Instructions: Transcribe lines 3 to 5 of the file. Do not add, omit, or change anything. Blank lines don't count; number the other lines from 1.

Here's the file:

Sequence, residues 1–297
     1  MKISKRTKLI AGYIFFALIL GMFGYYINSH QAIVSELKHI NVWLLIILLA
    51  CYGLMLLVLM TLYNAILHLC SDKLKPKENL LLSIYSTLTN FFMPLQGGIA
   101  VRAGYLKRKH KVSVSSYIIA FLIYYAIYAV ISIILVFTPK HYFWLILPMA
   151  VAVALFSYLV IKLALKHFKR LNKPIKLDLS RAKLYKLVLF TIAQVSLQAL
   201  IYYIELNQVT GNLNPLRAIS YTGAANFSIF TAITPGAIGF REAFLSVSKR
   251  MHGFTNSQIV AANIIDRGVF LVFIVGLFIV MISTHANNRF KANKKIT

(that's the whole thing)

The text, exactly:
    51  CYGLMLLVLM TLYNAILHLC SDKLKPKENL LLSIYSTLTN FFMPLQGGIA
   101  VRAGYLKRKH KVSVSSYIIA FLIYYAIYAV ISIILVFTPK HYFWLILPMA
   151  VAVALFSYLV IKLALKHFKR LNKPIKLDLS RAKLYKLVLF TIAQVSLQAL